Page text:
The lack of discussion about the right to clothing has led to uncertainty as to the ambit of the right and how much clothing is required. Matthew Craven notes that a minimum level of clothing is what is required to be provided; it is of "paramount importance not least because at minimum levels it represents a question of survival."5 This requirement of a "minimum" or "adequate" standard is mirrored in reports from the UN Committee on the Rights of the Child6 (CESCR) and a report from the Consortium For Street Children,7 as well as a number of General Comments from the Committee on Economic, Social and Cultural Rights as regards the elderly,8 disabled,9 and workers.10 There is, however, no indication as to what such a "minimum" or "adequate" standard entails: indeed, only rarely has the CESCR questioned a party state of the ICESCR on its performance with respect to the right to clothing.1112
There has been limited academic commentary on the ambit of the right to clothing with regards to refugees. James Hathaway has argued that refugees should have access to clothing that suitable for the climate and is sufficient for any work or other roles they may wish to undertake. Furthermore, they should not be compelled to wear any sort of clothing that would lead to social stigma or discrimination as foreigners.13 On the other hand, however, should refugees choose to wear clothing that is representative of their culture, country of origin or society, they are protected under Article 27 of the International Covenant on Civil and Political Rights to do so.14 The Committee on Economic, Social and Cultural Rights has tended towards applying context-specific interpretations on what is an adequate standard of clothing; so far, the right in its general sense has not yet been considered in a general comment.15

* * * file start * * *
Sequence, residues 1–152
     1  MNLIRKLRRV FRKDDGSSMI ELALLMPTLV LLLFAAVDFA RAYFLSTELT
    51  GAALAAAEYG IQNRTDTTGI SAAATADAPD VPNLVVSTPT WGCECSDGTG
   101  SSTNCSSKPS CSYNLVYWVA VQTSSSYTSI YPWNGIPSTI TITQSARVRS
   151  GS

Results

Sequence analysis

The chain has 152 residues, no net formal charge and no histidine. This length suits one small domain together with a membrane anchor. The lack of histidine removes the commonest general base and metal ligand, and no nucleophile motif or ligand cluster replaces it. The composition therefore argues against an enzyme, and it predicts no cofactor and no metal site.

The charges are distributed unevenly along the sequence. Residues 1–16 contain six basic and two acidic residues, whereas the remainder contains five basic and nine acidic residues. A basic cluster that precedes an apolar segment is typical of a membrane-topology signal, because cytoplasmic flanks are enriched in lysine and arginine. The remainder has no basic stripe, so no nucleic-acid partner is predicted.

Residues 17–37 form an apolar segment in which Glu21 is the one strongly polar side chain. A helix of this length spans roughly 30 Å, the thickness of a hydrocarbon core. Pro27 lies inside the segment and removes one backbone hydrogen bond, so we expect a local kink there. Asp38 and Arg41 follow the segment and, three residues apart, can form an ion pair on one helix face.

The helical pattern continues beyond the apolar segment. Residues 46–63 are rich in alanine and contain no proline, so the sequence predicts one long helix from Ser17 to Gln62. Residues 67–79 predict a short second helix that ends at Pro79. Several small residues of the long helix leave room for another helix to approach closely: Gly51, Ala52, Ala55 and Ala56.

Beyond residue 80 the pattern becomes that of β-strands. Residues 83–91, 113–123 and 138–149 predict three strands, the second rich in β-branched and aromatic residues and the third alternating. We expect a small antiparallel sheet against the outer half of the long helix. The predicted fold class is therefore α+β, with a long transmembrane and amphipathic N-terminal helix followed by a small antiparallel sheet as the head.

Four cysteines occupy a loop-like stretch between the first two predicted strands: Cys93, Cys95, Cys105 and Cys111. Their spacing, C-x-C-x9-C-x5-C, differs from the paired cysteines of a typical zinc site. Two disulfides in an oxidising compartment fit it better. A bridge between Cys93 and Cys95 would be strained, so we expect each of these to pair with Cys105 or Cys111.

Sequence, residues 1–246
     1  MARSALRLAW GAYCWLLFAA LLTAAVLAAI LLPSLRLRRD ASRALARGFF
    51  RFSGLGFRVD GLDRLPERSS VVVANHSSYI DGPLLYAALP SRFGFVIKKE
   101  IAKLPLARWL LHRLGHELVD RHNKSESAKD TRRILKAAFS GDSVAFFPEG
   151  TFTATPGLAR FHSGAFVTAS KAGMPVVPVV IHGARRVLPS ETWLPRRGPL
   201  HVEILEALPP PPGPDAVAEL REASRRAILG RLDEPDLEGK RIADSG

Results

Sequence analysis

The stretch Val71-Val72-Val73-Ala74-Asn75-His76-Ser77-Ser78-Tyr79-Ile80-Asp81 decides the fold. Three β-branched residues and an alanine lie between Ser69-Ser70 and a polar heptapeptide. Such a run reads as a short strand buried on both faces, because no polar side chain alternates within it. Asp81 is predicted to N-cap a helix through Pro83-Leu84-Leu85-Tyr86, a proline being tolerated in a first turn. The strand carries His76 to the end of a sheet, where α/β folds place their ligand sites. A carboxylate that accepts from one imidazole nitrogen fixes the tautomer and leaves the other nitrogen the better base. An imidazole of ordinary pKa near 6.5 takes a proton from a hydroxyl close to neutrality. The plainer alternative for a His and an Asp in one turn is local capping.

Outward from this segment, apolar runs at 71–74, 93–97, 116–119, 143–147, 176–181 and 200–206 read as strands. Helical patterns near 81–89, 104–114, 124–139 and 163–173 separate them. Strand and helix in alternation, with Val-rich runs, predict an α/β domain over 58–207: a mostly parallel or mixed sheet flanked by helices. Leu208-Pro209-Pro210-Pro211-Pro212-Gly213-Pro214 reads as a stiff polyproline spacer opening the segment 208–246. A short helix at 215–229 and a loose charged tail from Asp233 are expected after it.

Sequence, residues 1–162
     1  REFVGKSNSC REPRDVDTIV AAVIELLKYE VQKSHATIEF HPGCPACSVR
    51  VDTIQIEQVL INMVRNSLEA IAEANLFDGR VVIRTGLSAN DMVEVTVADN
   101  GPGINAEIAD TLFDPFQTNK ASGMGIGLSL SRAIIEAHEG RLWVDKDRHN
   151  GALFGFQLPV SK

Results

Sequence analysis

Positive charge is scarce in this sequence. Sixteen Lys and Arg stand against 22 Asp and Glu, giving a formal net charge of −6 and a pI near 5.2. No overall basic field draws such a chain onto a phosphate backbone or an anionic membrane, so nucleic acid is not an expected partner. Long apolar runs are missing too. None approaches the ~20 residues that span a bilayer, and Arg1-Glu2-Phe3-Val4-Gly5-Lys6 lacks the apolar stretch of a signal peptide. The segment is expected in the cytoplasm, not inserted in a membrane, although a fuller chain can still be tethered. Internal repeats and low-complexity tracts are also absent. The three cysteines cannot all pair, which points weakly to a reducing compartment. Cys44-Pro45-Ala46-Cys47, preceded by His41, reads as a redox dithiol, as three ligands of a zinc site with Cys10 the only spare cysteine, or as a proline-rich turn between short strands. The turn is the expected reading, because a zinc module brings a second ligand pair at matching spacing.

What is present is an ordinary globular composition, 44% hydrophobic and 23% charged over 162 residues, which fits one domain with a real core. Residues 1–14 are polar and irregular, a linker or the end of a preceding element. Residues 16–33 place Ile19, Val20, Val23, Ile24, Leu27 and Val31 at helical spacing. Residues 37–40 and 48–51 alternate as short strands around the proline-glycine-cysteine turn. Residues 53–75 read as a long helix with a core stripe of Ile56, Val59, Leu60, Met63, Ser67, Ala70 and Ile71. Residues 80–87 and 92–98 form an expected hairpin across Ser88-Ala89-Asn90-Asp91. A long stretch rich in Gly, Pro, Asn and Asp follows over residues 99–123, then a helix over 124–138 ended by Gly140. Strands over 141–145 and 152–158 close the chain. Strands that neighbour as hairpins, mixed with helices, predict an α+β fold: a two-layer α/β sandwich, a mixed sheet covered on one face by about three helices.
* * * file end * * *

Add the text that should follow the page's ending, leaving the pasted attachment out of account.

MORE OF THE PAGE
The right to clothing has been recognised domestically for millennia – at least partially – but has received very little recognition on the international scene.3 It is not clear why there is a lack of recognition; one author has suggested that the lack of elaboration is due to the variations in cultural needs and wants.16 However, this explanation has been regarded as "not plausable": Dr James notes that "[c]ultural, environmental and economic variations in 'needs and wants' are surely as marked with regard to housing, health as they are in relation to clothing, but this has not prevented detailed elaboration of those rights in international law."11 Matthew Craven concluded in 1995 that:
"The right to clothing, although specifically included in the Covenant, has had little attention either from the Committee [CESCR] or independent commentators. As far as the Committee is concerned, no reference to clothing is to be found in reporting guidelines, and only the occasional question has been asked of States by individual members. The impression given is that clothing is not a matter in which the State may exercise a great deal of control, nor one that the Committee feels is of great importance"12
However, Dr James has remarked: "...none of us can be complacent that we will not find ourselves [...] in need of adequate clothing. The right is of great practical importance. It is an essential subsistence right, not an embellishment or a legal absurdity".11 He also called for further discussion and academic commentary, arguing: